Tricky Land trust??

I bought a house for $136K on a short sale. I agreed with the previous homeowner that I would sell it back to his sister for $9K over what I bought it for, or $145K, thus netting $9000. They just sent me over the Purchase and Sale Agreement and they want to buy the house for $174K and just have me give them the rest of the money back to them ($174K-$145K = $29K). So they basically want me to show that I sold them the house for $174K and then they want me to give them $29K outside of closing.
See the problem? Yeah, me too. I would have to pay the capital gains tax on the full money ($29K+$9K = $38K) of $38K.

Is there a way to avoid this?

My thought was this, I could put the house into a trust, named after me so as not to raise any red flags for the sister’s lender. My partner would be the trustee, and I would be the beneficiary. I would sell my beneficial interest to the sister( making her the beneficiary of the same trust) for $145K. Unless they scrutinously searched title there would be no evidence of this. Then, the sister could actually buy the house herself from the land trust. The gains would be counted to her taxes not mine.

Does this make sense?
Could this work?
Is there a better way?

I understand that we will have to pay title insurance again for the transaction, however $600 is better than paying $5000 in capital gains tax, right?

Please help me, I’m a budding investor.

The Default Doctor.

I am replying to my own post.

I just got off the phone with a CPA who specializes in real estate. He said that I do not have to go through the brain damage of creating a Land trust and trying to weave in and out of hoops to make this thing work. He said that I could just give the buyer a check for the $29K that I owe them, and do it outside of closing. If I can write on the check that the money is for concessions or fix-ups related to the home(write the address on the check) then that alone is enough to satisfy the IRS.

Sorry, for making any of you read this. I hope no one is dumber from doing so.

The CPA may be right about showing the money as a fixup cost for your tax return. I believe the bigger danger is bank fraud. You probably told the lender that the owner was to get nothing or they would not have done the short sale. Besides that issue you would be in on them getting a higher mortgage than the value of the property. If they fail there could be some reprecussions that entangle you. They seem to have a history of non-payment or you would not have done a short sale. Of course everything could go right and all you do is make money.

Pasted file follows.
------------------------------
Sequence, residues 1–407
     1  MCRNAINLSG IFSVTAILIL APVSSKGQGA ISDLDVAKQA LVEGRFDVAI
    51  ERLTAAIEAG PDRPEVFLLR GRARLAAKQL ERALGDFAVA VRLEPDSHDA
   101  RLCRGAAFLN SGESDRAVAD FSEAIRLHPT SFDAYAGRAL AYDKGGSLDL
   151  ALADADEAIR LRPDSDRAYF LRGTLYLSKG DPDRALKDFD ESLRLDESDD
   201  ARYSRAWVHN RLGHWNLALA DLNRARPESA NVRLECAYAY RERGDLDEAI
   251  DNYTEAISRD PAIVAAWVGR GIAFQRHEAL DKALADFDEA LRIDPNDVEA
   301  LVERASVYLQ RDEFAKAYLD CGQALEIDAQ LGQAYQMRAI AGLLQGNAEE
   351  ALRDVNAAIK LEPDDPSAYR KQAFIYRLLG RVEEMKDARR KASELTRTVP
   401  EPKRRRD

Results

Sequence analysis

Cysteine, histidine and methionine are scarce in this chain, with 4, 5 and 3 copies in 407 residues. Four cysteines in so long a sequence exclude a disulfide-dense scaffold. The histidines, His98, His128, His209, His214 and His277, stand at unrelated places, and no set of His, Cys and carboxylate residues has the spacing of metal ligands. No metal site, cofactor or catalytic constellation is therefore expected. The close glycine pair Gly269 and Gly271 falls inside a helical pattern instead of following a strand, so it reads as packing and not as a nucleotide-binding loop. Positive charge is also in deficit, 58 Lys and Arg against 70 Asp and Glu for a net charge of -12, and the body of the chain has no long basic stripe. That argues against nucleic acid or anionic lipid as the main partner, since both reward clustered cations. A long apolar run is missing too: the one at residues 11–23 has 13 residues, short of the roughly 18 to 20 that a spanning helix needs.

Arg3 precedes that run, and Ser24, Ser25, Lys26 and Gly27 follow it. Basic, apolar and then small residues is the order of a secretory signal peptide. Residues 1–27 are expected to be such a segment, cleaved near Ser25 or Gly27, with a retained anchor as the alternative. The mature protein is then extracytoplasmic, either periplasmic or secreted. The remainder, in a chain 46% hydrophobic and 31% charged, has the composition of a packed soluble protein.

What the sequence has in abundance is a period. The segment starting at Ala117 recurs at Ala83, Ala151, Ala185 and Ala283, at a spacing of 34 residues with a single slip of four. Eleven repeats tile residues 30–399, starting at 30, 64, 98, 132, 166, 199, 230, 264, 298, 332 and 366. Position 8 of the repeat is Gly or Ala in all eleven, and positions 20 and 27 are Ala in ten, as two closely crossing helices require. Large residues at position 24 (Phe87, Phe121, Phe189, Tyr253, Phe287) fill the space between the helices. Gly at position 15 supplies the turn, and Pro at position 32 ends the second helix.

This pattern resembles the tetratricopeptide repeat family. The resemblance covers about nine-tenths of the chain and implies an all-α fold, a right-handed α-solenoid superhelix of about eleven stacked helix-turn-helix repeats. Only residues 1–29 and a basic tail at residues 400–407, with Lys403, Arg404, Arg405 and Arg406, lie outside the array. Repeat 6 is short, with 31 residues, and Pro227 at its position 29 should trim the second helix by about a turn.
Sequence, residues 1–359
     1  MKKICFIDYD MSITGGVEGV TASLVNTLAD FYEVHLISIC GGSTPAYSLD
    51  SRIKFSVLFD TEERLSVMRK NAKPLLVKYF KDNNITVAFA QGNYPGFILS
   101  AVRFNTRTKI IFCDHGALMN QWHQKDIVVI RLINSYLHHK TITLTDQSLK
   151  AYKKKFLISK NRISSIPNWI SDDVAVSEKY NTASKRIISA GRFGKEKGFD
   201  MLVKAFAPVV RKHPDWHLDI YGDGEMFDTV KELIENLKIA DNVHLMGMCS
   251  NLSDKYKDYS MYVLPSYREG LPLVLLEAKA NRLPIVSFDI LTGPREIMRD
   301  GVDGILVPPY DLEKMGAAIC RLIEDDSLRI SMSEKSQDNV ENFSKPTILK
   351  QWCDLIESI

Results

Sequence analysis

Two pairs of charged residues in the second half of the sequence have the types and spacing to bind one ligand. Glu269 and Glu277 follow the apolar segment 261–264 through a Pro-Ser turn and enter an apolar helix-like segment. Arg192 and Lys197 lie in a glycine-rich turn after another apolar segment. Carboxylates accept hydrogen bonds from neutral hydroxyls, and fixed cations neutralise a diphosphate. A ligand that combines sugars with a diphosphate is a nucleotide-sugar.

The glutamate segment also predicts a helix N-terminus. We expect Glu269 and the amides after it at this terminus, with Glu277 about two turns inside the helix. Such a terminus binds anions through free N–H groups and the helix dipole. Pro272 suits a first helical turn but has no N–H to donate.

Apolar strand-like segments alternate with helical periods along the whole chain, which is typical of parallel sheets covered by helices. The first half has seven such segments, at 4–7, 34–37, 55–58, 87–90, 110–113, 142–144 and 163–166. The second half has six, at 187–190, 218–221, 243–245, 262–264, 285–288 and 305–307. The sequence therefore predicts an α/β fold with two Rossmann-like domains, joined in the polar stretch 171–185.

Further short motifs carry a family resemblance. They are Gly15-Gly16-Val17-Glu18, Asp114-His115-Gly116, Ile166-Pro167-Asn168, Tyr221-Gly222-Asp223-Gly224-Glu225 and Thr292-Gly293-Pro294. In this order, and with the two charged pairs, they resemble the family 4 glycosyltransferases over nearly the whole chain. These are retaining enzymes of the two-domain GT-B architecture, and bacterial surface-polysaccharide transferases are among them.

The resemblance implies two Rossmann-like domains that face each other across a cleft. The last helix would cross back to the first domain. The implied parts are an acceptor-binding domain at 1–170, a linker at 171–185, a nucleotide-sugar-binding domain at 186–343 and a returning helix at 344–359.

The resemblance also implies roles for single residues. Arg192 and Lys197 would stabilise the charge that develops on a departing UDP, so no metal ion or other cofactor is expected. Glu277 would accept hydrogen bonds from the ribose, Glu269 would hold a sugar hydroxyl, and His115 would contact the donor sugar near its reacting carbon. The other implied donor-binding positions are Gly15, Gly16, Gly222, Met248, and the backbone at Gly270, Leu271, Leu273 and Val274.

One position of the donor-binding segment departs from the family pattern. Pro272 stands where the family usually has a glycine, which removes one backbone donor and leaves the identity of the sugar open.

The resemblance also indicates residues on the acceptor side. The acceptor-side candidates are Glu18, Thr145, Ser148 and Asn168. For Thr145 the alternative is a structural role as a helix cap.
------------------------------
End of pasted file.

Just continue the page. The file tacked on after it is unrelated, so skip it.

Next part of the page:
To clarify:

The house is worth somewhere between $170 - $185K, depending on what comparables you pull. The lender will be lending a reasonable and fair amount of money for the house.

I will be selling the house and writing the check to the previous owner’s sister. I will not be giving ANY money back to the previous homeowner.

The sister is the one that will suffer if the ‘renters’ do not pay their rental payment - the bank will still get their money, she will make sure of it.

Lastly, I thank you Bud for the comments. I hope that you nor anyone else thinks that I am willing to be dishonest in order to make a buck. I believe that what I have done is perfectly legal. Being dishonest may get a person richer, but I fear HELL more than poverty.

Hey Doc. Although you figured out your situation I appreciate the fact that you posted it. I learned from it, so hopefully you don’t feel as though it was a waste.


I’m uncomfortable with the advice DefaultDoctor’s advice received. If the sale to the sister is truly arms-length, then $145,000 is the fair market value of the property. The IRS won’t care about the comparables if there is an arms-length transaction to show worth, which is exactly what you would have to argue. If you don’t, then the IRS is going to call it a part sale/part gift. A gift tax return would be required. I admit that the IRS doesn’t have enough time or manpower to deal with situations like this, but that’s my take.

If I was DefaultDoctor, I would say “no” to the $174,000 purchase and sale agreement. Alternatively, ask for a price increase to offset the risk of IRS audit (or possibly bank fraud as mentioned). You’re also helping the buyer artificially increase her basis in the property. That can’t help matters.

In sum, your gain should be $9,000 because the FMV sale price you agreed to was $145,000. Theoretically, if the sister sold the property a year later for $175,000, her gain should be $30,000 – not $1,000.

And certainly stay away from the land trust idea.